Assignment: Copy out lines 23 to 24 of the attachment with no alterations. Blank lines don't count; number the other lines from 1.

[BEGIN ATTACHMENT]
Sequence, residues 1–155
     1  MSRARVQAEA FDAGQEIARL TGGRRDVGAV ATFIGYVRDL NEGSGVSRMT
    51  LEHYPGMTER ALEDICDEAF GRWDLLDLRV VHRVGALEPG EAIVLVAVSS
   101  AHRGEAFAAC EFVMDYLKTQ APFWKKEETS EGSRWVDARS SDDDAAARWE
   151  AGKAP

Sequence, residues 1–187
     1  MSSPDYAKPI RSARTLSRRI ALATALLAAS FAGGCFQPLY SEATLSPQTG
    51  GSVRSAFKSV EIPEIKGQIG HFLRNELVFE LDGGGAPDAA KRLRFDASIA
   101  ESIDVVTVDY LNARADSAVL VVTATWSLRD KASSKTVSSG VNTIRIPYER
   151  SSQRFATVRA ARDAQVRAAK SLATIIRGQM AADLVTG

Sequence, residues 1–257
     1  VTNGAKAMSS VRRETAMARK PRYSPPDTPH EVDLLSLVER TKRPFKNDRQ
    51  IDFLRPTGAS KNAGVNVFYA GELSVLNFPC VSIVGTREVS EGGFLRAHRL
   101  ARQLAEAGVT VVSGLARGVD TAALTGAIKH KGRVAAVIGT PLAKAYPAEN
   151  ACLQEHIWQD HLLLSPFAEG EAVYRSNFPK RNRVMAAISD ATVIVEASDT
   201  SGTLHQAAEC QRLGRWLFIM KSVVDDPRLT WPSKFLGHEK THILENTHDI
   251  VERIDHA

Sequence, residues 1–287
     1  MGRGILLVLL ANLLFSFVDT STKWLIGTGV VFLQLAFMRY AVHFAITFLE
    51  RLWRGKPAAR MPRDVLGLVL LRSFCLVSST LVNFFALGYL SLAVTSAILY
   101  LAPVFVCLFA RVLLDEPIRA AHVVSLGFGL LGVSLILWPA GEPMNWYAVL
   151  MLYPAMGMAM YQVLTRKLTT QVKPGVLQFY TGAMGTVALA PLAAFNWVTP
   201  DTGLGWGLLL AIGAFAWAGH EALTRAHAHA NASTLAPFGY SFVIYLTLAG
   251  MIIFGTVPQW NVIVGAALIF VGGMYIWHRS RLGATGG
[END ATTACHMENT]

   201  DTGLGWGLLL AIGAFAWAGH EALTRAHAHA NASTLAPFGY SFVIYLTLAG
   251  MIIFGTVPQW NVIVGAALIF VGGMYIWHRS RLGATGG